In a glass case at Beijing’s Imperial College, an 18th-century book with a yellowed title page in bold, black characters is evidence — some Chinese say — that a swathe of modern-day Japan belongs to China.
The two Asian powers are already at loggerheads over a set of tiny uninhabited islets in the East China Sea, even stoking fears of armed conflict.
However, the most aggressive Chinese nationalists — tacitly encouraged by authorities — say far more is open to claim, including the island of Okinawa, home to 1.3 million people and major US military bases.
The biggest of the Ryukyu Islands, which stretch for about 1,000km from Japan’s mainland almost to Taiwan, Okinawa was the center of the Ryukyuan kingdom, which pledged fealty to both Chinese emperors and Japanese feudal lords.
For hundreds of years it paid tribute to China’s Ming and Qing dynasties, until it was absorbed by Japan in 1879.
The people of the Ryukyus are considered more closely related to Japan in ethnic and linguistic terms, than to China.
However, some Chinese see historical and cultural ties as a basis for sovereignty and dismiss Japan’s possession of the islands as a legacy of its aggressive expansionism that ended in its World War II defeat.
“This kind of thing proves Ryukyu is China’s,” said electrical engineer Zhu Shaobo, looking at a Qing dynasty volume from the 1760s about Ryukyuan students on display at the Imperial College, now a tourist site.
“Ryukyuan students studied hard and the cultural level of some was not inferior to Chinese students,” explains an exhibit panel at the institution, which trained Imperial officials and some foreign students.
The belief that China has a legitimate claim to the Ryukyu Islands has existed among flag-wavers in China — and Taiwan — for years. However, it has been given new attention by the row over the uninhabited islets, known as the Diaoyutai Islands (釣魚台) in Taiwan and China, which claim them, and as the Senkaku chain in Japan, which controls them.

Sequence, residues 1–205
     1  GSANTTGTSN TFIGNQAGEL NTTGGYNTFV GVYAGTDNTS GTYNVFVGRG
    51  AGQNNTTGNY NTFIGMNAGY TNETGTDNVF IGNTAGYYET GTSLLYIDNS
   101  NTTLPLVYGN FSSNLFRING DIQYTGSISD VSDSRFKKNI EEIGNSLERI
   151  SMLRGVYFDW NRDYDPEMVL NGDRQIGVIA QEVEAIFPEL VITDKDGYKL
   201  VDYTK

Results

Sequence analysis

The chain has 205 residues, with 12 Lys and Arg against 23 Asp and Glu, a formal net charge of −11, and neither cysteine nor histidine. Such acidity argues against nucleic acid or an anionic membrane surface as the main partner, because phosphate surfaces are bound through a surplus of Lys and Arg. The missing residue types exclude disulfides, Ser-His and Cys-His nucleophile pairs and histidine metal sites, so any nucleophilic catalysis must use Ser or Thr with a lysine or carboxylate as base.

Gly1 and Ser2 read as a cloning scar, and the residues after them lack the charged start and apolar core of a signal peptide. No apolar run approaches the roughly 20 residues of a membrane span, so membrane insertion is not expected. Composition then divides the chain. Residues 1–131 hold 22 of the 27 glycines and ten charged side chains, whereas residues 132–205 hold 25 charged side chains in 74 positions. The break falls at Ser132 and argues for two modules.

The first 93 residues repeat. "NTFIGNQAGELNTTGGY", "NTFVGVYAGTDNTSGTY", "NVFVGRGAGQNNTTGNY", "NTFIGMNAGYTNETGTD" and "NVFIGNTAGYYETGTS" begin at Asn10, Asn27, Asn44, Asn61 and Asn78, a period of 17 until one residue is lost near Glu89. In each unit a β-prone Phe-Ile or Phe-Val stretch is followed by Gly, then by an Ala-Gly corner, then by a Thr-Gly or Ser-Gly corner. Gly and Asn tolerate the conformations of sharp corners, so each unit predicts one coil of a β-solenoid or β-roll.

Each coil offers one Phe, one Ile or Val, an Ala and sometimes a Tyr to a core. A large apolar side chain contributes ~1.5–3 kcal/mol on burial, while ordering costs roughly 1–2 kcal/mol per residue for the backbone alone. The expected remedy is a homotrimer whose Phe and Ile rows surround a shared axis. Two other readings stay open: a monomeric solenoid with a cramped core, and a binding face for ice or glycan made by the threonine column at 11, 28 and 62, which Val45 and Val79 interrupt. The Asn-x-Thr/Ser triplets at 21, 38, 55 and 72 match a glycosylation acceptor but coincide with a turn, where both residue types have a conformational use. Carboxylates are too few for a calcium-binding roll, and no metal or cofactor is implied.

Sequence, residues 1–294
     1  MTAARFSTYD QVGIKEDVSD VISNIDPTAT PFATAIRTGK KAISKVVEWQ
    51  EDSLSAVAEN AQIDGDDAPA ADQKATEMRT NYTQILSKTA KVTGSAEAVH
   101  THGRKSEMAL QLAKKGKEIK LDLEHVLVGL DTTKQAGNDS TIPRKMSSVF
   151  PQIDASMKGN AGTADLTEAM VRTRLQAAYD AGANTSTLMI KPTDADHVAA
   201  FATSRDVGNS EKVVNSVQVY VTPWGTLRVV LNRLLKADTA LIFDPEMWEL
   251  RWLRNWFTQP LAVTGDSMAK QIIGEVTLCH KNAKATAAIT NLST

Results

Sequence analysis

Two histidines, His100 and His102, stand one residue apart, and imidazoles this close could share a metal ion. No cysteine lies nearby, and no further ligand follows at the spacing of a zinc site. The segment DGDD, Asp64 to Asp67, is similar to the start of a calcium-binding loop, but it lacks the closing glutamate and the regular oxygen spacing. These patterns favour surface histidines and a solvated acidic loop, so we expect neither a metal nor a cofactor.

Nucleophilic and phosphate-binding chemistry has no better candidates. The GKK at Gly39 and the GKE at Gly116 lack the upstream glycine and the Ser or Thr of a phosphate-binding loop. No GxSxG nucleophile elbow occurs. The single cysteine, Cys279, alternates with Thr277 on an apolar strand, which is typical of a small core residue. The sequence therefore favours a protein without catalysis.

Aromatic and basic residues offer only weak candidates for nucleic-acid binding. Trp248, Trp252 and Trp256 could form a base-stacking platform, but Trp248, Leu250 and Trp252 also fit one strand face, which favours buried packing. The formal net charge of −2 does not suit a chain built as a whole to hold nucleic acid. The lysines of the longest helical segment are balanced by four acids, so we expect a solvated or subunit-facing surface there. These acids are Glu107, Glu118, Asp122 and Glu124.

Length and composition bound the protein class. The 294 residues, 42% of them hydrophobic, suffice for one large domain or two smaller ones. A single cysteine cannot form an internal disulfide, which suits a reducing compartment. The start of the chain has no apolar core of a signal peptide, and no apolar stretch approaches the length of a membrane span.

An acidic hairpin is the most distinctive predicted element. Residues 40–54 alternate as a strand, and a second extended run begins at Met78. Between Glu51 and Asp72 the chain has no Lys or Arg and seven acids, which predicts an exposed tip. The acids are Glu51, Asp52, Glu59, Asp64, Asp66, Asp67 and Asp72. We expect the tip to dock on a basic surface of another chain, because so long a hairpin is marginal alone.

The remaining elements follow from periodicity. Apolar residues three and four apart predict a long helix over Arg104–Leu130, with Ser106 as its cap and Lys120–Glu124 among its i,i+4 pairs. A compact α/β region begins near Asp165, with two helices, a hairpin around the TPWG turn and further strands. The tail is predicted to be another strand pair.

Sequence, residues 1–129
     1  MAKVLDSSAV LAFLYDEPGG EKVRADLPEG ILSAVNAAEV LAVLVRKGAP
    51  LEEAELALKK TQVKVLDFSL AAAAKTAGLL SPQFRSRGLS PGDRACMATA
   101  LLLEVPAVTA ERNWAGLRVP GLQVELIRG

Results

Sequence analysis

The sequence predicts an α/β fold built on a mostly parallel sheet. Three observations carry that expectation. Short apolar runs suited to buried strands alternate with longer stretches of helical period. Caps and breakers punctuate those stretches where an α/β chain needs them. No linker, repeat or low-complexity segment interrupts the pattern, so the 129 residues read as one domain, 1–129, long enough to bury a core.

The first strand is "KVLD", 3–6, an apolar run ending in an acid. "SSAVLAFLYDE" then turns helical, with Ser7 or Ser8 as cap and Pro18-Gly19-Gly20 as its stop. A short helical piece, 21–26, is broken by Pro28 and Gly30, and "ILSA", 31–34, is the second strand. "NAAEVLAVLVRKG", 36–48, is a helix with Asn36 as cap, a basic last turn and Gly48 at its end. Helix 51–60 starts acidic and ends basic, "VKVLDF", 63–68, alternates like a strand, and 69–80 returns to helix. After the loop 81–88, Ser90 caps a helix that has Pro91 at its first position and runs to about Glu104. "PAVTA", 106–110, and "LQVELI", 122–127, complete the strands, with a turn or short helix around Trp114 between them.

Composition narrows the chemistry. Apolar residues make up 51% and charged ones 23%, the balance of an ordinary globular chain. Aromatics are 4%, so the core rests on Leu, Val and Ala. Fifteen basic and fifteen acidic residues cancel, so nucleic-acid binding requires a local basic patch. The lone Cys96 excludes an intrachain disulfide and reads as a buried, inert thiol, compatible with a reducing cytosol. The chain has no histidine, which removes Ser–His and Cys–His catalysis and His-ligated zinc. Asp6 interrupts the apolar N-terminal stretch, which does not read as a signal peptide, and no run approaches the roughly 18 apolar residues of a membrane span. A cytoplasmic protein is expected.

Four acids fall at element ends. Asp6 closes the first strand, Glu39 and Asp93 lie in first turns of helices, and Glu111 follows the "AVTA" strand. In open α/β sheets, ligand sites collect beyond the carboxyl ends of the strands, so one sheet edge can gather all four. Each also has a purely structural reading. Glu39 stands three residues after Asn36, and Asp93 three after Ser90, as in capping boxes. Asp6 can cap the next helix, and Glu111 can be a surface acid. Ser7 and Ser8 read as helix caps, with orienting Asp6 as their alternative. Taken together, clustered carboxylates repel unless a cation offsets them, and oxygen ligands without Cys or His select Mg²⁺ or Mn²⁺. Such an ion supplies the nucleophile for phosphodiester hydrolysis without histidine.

In recent anti-Japan protests in China, some demonstrators carried signs reading: “Retake Ryukyu” and “Take back Okinawa.”
The Chinese government does not make such claims, but state media have carried articles and commentaries questioning Japan’s authority.
In an article carried by state media in July, People’s Liberation Army Major General Luo Yuan wrote: “The Ryukyu Kingdom had always been an independent kingdom directly under the Chinese imperial government before it was seized by Japan in 1879.”
The kingdom, which lasted from 1429 until 1879, had a complex history, wedged between powerful neighbors.
In return for tribute to Chinese emperors, trade and cultural ties flourished. However, from the early 17th century, it came under pressure from Japan, suffering a punitive invasion and demands for loyalty and tribute.
Nominal independence was maintained, and the “dual subordination” continued until the late 19th century, when a modernizing Japan could no longer tolerate Ryukyu’s vague status.
Western and Japanese academics say Okinawa’s links to China are no basis for sovereignty claims today. Many states were part of a China-centered structure of international relations in Asia.
“It was a system of cultural subordination and also a way of the Chinese empire attempting to control trade,” said Gregory Smits, an expert on Ryukyu history at Pennsylvania State University.